It has been a while since my last blog post, and much has transpired.
To recap, The Humane Society of the United States (HSUS) accused Pembient of violating the Washington Animal Trafficking Act in February. This offense allegedly arose from Pembient's presale of biofabricated horn via an Initial Coin Offering (ICO) late last year. In hopes of exonerating Pembient, I met with detectives from the Washington State Department of Fish and Wildlife (DFW) on February 28th. I thought everything was resolved, but as it turned out, I was wrong.
Fast forward to March 27th, when I received a letter from the Washington State Department of Financial Institutions (DFI). The letter expressed a concern that Pembient might have sold unregistered securities in the State of Washington. In other words, there was a new reason to doubt the legality of Pembient's ICO. For those unfamiliar with the seriousness of the situation, the letter helpfully added that the company could face "administrative, civil, and criminal sanctions." It also instructed me to provide a full accounting of the ICO by April 17th. Of course, I immediately complied.
In response, I argued that PembiCoins, the blockchain tokens on offer, should not be considered securities. More specifically, they were not designed to fund Pembient's research and development efforts, but to cover the cost of a pilot run of biofabricated horn. A PembiCoin would allow its holder to take delivery of one gram of the pilot batch in 2022, nothing more, nothing less. The ICO, then, was similar to a product crowdfunding campaign, except Pembient recorded customers' pledges on a public blockchain instead of a private database. Alternatively, it was like buying a ticket to a future event, purchasing an unbuilt condominium unit, or even pre-ordering a Tesla. I concluded by noting that such transactions were not uncommon, nor did they require registration with the DFI.
Meanwhile, I became increasingly concerned that HSUS was behind this latest inquiry. To find out, I submitted a public records request to the DFI. Much to my surprise, it revealed that the Washington State Attorney General's Office (AGO) had triggered the DFI's probe! However, a subsequent records request, this time to the AGO, returned an email containing a copy of the accusations HSUS originally sent to the DFW. Hence, my suspicion was confirmed: HSUS's influence percolated up from the DFW to the AGO on February 22nd and then down to the DFI on March 8th, resulting in two parallel investigations into Pembient - one by the DFW, detailed previously, and the other by the DFI. Even more worrisome was that the author of the aforementioned email, an assistant attorney general, had written that "prosecution of operations like this one [Pembient] will require some carefully thought‐through legal analysis." Why were the authorities trusting the assessments of HSUS, an organization that once settled a $16 million racketeering lawsuit? What if HSUS was intentionally making false and misleading statements about Pembient in contravention of Washington State law (i.e., RCW 9A.76.175)?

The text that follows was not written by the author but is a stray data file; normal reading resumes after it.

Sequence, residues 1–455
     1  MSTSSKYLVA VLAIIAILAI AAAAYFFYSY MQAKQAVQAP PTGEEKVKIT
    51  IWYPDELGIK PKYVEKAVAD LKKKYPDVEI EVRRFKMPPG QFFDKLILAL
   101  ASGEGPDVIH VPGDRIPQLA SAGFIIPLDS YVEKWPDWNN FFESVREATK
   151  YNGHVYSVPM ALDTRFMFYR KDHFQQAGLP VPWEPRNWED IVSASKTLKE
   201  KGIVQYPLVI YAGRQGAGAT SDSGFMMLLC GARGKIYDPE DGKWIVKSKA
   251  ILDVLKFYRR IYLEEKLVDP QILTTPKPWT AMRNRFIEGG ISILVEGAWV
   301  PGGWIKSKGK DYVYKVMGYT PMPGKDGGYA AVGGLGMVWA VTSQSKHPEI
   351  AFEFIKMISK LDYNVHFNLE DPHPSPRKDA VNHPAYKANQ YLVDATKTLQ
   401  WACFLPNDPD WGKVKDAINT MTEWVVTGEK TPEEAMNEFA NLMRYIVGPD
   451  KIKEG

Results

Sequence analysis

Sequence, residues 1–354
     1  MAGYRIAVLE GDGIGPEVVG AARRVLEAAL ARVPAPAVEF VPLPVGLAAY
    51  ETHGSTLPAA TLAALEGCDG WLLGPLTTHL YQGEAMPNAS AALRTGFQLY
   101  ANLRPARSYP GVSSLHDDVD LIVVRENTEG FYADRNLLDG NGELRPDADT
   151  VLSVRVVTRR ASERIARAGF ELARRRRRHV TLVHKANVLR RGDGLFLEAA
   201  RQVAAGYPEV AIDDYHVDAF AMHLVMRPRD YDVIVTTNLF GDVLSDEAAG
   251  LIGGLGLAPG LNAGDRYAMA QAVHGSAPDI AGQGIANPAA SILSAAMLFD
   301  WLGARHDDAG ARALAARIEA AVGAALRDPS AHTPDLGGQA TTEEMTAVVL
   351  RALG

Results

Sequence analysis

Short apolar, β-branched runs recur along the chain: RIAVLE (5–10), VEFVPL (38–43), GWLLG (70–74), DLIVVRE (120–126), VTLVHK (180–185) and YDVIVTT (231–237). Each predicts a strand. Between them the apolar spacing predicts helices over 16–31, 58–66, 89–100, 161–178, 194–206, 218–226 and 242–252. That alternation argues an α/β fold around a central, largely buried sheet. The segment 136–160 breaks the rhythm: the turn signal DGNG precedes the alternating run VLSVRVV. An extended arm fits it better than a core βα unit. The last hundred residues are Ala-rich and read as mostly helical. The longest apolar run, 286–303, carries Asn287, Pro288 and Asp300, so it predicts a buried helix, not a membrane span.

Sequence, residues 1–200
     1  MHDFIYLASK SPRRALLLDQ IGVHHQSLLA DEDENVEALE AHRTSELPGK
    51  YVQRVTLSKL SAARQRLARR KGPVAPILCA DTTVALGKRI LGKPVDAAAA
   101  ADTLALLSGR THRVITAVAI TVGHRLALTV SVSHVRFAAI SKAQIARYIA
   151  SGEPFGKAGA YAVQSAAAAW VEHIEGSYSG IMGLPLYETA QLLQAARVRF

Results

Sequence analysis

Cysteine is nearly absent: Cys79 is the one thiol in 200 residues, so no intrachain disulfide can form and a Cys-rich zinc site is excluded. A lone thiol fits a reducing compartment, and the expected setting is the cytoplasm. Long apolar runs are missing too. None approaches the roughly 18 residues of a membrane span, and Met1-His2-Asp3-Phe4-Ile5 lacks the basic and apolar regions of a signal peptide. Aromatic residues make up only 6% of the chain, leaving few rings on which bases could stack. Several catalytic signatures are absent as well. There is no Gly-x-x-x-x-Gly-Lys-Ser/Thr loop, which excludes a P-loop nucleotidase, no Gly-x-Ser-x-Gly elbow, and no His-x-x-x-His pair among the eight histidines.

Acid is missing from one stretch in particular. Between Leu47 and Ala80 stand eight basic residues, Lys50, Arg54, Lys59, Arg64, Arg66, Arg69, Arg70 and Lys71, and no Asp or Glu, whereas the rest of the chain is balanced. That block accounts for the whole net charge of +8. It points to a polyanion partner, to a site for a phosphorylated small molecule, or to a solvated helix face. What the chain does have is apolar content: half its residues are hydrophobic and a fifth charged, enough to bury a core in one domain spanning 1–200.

Putting aside those questions, I went back to work. Months passed, and Pembient labored under a cloud of uncertainty. During this time, the stigma of being investigated hampered Pembient's ability to raise capital, capital it needed to refine its prototypes and scale up production.
Things finally culminated with the DFI inviting me to an in-person interview, which I scheduled for June 28th. Naturally, I was apprehensive going into the meeting, but it was surprisingly fun. The investigators asked good questions as I took them through the mechanics of PembiCoin. Additionally, we all lamented the imprecision of the term "ICO." Almost three weeks later, on July 17th, the DFI closed its investigation, with no action being taken against Pembient. Ironically, throughout this whole ordeal, there was no evidence of any customer complaints levied against the company.
So, what is the current status of the PembiCoin ICO? It has technically ended and is in a paused state pending the activation of an account at a cryptocurrency exchange. Unfortunately, the exchange that Pembient is working with is experiencing significant delays in verifying accounts due to a backlog of applications. There is a good chance, barring further harassment, that the account will be opened and PembiCoins issued before the one-year anniversary of the completion of the ICO. If you've been waiting to receive PembiCoins, I thank you for your patience.